It is a cliché that collecting societies play a significant role in shaping the practice of copyright contracts, however the fact that it is a cliché does not make it less true. Therefore, legal rules concerning collecting societies are of huge interest for copyright lawyers, especially when they are new and offer an uncharted territory of opportunities. Polish copyright law has been based on the assumption that tariffs and contracts of collecting societies should not be subject solely to forces of competition and free market, but require a more detailed regulation. One of the characteristics of the Polish system has been a regulation of tariffs applied by colleting societies. Such tariffs had to be approved by a special body – the Copyright Law Commission. Since the so-called users had little say in these proceedings the Constitutional Tribunal found the previous rules contrary to the Constitution, which has prompted the legislator to prepare a new regulation. It has come into force on October 21, 2010, but practically it could not work at once, since it also relies to a great extent on the existence of a specialised body, i.e. The Copyright Law Commission (the name has remained the same). The Commission was created on December 21, 2010. It consists of 30 arbitrators, 15 of which have been designated by collecting societies and associations of authors, performers and producers and 15 by societies of ‘users’, i.e. entities using in their professional activities copyright works and the subject-matter of neighbouring rights, including broadcasters. The body convened for the first time on January 5, 2011 and on January 18, 2011 the chairman of the Commission was selected in the person of Prof. Ryszard Markiewicz. The institutional framework is thus ready and the Commission may commence its operations.

It is beyond description how many theoretical and practical problems the new regulations may bring. Here I will focus only on the basics, i.e. how the collecting societies are supposed to set their tariffs. The Copyright Law Commission has also other functions: apart from authorising tariffs it inter alia decides disputes concerning tariffs and disputes concerning contracts between collecting societies and cable operators.

The new legislation makes tariffs obligatory in a certain category of cases. Collecting societies have an obligation to submit to the Copyright Law Commission tariffs applied to:
• Radio and TV broadcasters
• Use in Internet (right of communication to the public in a place and at the time chosen by the user)
• Cable retransmission
• Additional remuneration for co-authors of audiovisual works and performing artists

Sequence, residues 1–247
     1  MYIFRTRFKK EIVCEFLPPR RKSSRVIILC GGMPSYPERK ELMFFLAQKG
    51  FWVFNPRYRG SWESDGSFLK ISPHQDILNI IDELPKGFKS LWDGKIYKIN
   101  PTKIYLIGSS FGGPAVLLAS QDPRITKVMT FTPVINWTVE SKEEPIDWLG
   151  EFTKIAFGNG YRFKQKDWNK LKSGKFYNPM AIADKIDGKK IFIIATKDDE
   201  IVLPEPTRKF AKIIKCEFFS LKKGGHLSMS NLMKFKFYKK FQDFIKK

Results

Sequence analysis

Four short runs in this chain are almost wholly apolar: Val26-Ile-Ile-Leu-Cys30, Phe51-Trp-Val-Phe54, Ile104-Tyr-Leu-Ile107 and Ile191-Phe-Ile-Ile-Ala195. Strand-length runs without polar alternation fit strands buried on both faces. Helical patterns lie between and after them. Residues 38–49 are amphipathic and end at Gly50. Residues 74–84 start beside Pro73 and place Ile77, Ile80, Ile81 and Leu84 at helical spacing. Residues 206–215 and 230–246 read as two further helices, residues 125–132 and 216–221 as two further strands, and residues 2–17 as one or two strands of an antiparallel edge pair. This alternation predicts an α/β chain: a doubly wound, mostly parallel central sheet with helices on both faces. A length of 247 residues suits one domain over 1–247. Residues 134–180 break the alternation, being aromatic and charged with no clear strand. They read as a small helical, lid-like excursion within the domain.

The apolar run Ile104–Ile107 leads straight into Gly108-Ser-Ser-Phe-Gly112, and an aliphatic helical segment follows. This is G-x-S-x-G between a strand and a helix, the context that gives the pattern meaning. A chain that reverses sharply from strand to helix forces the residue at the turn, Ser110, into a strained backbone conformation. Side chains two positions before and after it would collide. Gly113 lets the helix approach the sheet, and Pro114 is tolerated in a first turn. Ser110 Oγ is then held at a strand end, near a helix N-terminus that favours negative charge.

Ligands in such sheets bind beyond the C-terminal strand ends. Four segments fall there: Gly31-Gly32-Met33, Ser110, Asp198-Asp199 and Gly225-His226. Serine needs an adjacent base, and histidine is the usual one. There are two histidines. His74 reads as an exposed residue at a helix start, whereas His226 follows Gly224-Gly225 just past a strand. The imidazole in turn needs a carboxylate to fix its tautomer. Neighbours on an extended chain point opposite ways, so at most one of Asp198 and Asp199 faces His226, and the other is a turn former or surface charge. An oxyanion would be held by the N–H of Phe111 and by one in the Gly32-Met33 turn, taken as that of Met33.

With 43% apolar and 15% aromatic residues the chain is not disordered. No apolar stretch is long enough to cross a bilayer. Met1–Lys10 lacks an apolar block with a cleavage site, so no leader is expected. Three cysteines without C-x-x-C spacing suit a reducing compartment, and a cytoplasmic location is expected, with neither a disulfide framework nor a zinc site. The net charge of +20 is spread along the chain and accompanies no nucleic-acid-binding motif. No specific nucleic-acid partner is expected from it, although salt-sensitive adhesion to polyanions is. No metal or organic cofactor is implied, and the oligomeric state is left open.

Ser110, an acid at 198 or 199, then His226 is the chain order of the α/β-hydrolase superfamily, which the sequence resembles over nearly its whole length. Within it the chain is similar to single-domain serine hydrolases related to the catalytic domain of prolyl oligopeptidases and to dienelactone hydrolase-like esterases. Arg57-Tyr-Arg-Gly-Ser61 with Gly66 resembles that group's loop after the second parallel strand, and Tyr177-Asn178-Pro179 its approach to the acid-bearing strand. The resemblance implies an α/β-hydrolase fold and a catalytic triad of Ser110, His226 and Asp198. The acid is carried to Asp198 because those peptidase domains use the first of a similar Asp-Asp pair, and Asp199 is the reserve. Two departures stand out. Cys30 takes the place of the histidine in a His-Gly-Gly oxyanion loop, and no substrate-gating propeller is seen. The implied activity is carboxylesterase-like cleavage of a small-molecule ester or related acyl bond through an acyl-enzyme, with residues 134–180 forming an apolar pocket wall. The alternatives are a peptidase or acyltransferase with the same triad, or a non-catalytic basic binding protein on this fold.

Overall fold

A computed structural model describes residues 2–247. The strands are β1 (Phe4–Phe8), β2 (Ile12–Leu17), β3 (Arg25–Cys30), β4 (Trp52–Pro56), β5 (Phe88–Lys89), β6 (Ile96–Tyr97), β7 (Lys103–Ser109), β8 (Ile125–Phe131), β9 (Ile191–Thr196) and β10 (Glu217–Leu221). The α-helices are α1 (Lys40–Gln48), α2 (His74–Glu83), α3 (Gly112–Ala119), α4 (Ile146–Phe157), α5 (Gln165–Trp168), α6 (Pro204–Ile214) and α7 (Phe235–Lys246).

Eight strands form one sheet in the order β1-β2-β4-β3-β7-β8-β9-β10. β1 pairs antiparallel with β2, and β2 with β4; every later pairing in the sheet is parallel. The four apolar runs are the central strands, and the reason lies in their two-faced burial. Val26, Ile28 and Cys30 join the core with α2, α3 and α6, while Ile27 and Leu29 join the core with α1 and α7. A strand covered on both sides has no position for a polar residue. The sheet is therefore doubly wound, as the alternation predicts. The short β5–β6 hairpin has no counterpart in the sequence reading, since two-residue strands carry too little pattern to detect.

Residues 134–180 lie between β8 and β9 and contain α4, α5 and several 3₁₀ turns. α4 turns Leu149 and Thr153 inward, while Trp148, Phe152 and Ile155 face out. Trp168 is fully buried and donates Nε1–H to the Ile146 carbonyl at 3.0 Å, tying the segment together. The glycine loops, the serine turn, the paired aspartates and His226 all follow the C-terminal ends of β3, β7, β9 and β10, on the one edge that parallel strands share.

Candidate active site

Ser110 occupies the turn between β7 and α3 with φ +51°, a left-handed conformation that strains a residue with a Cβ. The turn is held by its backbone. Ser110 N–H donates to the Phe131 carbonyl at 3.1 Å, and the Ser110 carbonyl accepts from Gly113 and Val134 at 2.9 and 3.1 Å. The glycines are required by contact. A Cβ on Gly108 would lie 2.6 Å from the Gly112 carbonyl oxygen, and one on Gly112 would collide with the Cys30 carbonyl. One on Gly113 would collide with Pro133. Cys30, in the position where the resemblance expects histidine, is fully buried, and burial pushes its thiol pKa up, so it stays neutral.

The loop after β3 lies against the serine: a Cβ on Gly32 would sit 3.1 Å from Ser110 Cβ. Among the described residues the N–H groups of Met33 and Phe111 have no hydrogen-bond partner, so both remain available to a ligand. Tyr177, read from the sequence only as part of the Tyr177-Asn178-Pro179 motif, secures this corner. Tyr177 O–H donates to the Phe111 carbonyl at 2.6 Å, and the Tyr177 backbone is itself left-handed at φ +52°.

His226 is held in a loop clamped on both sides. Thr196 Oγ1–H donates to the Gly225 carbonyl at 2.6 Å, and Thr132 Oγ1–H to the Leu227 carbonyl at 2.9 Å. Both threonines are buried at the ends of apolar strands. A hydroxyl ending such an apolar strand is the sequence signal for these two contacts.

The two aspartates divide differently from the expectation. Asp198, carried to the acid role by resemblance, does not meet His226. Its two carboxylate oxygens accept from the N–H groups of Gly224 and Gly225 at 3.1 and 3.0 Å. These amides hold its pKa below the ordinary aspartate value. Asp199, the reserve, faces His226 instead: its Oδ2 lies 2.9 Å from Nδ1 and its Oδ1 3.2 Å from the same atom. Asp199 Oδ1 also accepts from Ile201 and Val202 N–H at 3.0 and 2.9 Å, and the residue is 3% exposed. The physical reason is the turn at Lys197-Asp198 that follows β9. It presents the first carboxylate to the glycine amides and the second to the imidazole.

• The field of exploitation “communication” (i.e. when works are communicated to the public via sound, image or combined sound and image carriers, or by way of using devices intended for receiving a radio or television broadcasts)

The Copyright Law Commission may approve the submitted tariffs in whole or in part or may decline to do so. It cannot change the tariffs, however if it declines to approve a tariff, it must provide a proposal of amendments and give grounds for its decision. Decisions are taken in proceedings to which provisions of the code of civil procedure apply accordingly. Apart from the applicant, also other collecting societies with overlaying scope of activities and organisations of entities using copyright works on the fields of exploitation to which the submitted tariffs apply, may participate in the proceedings. The proceedings should be concluded within 6 months.

When deciding whether to authorise a tariff the Copyright Law Commission should take into account, among other factors, also the overall amount of remuneration for use of copyright works due to all collecting societies on a given field of exploitation. This makes an explicit connection between tariffs submitted by different collecting societies and although the idea seems to be correct, its practical implementation may prove particularly tricky.

Any party may appeal the decision of the Commission to the court. The court may however either approve the tariff, or refuse to approve it. It may not make any amendments on its own.

Some fear that the fact that there may be no changes in the tariffs (neither before the Commission, nor before the court) could practically mean that no tariffs will be approved and since, unlike previous proposals, the adopted regulation does not provide for any provisional solutions, this may suit some of the parties, for example collecting societies who do not want to be bound by any restrictions as to their pricing policies. What one has to know is that the approved tariff must be applied in contracts concluded by collecting societies. If other, lower, prices are agreed, they will be supplemented by prices resulting from the approved tariffs. This means that tariffs actually only define the minimal price, and to have such an elaborate system of their approval could be an overkill. As is customary with new legislation, it may still keep some surprises in store, and when they come, they will be reported here.


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